Cutting the Fat

While in this post I refer to a pastry blender I actually have pastry knives (not to be confused with the butter knives) pictured here. They’re pretty much the same thing, in fact most people don’t know there’s a difference. A pastry blender has a set of wires while the pastry knives is stamped metal.

I prefer the pastry knives as they feel sturdier to me and I can use them on cold butter-some how I always seem to forget to put my butter out to soften. Any one else do that? The blender feels a little flimsier but can be used in a plastic bowl while the pastry knives tend to make cuts in the plastic if you push down too hard. So I just use a metal or glass bowl with my pastry knives.


When the hubster and I were newly freshly married (after 5 pregnancies, 2 kids, a couple of college degrees together we still act newly wed) we didn’t have a hand mixer. To add insult to injury it felt like every baked good recipe called for one. Sad day. 🙁 Luckily I grew up with a handy momma who taught us the way to cut fat in by hand.

Just use the fabulous pastry blender! It is not solely a substitute for the hand mixer so if you don’t have one you should probably get one (if you don’t have a pastry blender either, don’t lose heart I’ll get into that in a little while).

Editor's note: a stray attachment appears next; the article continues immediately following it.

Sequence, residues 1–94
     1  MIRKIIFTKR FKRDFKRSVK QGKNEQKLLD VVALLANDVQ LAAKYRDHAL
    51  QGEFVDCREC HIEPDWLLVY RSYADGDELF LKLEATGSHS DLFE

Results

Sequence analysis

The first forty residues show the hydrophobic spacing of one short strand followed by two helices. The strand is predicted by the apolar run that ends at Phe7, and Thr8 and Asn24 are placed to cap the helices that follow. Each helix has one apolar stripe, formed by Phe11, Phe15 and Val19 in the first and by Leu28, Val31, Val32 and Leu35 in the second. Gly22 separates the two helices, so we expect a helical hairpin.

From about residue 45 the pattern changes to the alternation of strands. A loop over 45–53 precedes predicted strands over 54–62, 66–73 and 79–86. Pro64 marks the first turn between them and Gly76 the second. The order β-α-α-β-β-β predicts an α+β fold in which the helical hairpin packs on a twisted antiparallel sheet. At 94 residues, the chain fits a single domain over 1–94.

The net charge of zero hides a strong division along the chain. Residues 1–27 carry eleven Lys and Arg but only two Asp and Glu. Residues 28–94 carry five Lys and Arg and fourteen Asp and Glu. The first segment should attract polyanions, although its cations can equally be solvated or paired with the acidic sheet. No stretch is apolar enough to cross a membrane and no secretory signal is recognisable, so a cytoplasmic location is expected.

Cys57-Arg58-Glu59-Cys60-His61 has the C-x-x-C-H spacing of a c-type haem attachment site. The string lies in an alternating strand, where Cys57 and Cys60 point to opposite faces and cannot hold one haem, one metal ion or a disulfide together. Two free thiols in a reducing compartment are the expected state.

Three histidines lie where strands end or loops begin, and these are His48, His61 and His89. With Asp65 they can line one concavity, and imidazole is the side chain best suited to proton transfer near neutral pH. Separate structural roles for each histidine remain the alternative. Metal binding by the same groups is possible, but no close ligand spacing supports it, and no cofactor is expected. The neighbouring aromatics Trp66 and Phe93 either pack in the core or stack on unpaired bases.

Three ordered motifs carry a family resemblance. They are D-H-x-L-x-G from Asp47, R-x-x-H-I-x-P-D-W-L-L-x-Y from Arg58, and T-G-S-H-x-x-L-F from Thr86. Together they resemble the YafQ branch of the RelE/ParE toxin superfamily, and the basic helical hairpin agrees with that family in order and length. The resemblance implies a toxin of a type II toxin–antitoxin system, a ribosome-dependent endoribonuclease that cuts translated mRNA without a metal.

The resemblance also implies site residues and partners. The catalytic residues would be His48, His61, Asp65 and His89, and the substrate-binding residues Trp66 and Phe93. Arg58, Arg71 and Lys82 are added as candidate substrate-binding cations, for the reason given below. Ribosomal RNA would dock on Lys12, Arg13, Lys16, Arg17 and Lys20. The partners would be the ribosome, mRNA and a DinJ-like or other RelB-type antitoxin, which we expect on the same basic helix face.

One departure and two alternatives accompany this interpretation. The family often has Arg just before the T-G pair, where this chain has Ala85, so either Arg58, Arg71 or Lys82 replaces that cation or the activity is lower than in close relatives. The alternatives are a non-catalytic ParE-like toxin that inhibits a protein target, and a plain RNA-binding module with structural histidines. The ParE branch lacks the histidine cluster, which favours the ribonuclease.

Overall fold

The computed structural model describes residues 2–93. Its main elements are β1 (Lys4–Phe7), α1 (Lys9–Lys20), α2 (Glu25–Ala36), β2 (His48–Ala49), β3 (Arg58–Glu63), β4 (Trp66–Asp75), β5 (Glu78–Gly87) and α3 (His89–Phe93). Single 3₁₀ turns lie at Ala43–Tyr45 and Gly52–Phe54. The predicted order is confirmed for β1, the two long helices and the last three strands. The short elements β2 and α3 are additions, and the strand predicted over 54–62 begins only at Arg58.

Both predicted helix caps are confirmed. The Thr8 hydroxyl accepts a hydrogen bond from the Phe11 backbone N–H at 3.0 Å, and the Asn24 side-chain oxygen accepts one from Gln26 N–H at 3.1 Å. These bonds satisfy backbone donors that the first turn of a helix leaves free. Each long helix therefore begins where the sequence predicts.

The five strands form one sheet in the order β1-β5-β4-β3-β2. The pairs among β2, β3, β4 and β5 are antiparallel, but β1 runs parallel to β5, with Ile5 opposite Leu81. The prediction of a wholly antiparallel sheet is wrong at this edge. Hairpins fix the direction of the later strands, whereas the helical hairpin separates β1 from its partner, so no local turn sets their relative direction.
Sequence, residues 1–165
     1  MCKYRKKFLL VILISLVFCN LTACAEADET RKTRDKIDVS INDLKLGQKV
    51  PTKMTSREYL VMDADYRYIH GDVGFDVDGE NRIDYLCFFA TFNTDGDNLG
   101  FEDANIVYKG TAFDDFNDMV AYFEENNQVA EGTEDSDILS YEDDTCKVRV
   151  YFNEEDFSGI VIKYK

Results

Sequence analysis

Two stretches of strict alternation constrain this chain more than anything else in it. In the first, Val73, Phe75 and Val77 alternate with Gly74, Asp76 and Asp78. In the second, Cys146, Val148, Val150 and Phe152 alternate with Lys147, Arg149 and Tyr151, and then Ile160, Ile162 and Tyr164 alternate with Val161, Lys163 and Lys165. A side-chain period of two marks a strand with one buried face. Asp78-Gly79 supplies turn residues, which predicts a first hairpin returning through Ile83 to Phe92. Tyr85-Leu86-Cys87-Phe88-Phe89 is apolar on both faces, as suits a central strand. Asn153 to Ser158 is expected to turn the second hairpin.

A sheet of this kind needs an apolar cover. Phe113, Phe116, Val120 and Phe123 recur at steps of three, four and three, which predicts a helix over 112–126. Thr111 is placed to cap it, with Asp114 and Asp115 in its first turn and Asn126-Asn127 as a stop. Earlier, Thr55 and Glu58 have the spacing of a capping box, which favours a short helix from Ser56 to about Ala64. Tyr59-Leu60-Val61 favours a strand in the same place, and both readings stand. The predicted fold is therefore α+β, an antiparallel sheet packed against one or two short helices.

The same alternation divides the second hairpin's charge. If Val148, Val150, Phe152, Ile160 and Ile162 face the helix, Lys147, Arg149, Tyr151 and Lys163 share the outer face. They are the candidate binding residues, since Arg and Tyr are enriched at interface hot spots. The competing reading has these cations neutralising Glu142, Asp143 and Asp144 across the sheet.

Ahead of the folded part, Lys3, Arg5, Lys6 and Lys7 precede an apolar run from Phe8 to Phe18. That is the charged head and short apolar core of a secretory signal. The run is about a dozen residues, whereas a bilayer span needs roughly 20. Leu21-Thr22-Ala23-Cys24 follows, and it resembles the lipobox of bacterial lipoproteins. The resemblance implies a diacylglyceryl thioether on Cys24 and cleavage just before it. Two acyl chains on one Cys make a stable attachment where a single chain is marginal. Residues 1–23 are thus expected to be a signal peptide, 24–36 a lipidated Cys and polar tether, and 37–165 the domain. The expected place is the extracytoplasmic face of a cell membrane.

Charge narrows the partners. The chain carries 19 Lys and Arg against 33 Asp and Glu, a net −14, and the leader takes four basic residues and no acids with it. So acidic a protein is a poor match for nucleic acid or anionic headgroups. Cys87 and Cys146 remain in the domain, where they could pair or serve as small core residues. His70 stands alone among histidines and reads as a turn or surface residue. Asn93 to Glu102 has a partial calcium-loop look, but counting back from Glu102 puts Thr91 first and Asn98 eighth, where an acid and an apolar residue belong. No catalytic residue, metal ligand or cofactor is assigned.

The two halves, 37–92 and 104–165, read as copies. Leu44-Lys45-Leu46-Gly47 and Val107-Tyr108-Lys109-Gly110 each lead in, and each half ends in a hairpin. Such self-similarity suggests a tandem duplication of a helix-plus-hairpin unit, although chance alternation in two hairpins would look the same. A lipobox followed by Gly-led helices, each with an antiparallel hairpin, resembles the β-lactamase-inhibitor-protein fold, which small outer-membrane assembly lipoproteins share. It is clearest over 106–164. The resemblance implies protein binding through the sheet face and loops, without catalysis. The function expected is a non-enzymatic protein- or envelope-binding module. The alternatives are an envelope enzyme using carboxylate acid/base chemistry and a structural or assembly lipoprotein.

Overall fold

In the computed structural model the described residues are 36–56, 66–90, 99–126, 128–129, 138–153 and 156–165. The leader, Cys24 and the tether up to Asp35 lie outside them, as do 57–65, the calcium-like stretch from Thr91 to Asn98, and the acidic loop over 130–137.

Don’t know what on earth I’m talking about? Just look at the top of this post and you’ll find it pictured there. It’s the piece that looks like a strange set of brass knuckles. Mine has five blades to it (no worries they aren’t sharp) and a black handle for my baking comfort.

This is the best tool I own for making fantastic pastry dough, aka pie crust. The purpose of cutting fat into a mix is to create little bubbles of air while baking. The fat will melt away creating those lovely [small] pockets of air, thus leaving a light crusty texture behind from their selfless melting act.

If a recipe calls for a hand mixer and you have one it’s still probably best to use it, an electric hand mixer also incorporates some air, in addition to the fat melting, helping create a lightness to your finished product. If not, no worries it’ll still turn out pretty well with the pastry blender.

To use it, just simply press the pastry blender down into the fat while twisting trying to incorporate some of it into the mix or vice versa. Continue cutting and twisting until the mix is in crumbles or smooth (depending on the desired texture for your recipe).

What if I don’t have a pastry blender?

Have no fear you have its grandmother right in your utensil drawer! 2 butter knives will do the trick. Just hold one in each hand and place them in an X to each other, with the point down and on the opposite side of the bowl from the hand holding the knife. Then just cut across, rotate the bowl and repeat.

Keep on doing so until the dough gets crumbly, then you might need to dig in with your hands and help the last little bit by bunching it together, if that’s the desired texture at this point in your recipe. Eh voilà, now you no longer have to fret about the lack of a hand mixer! Hip hip hurray!


Which kitchen appliance do you use the most?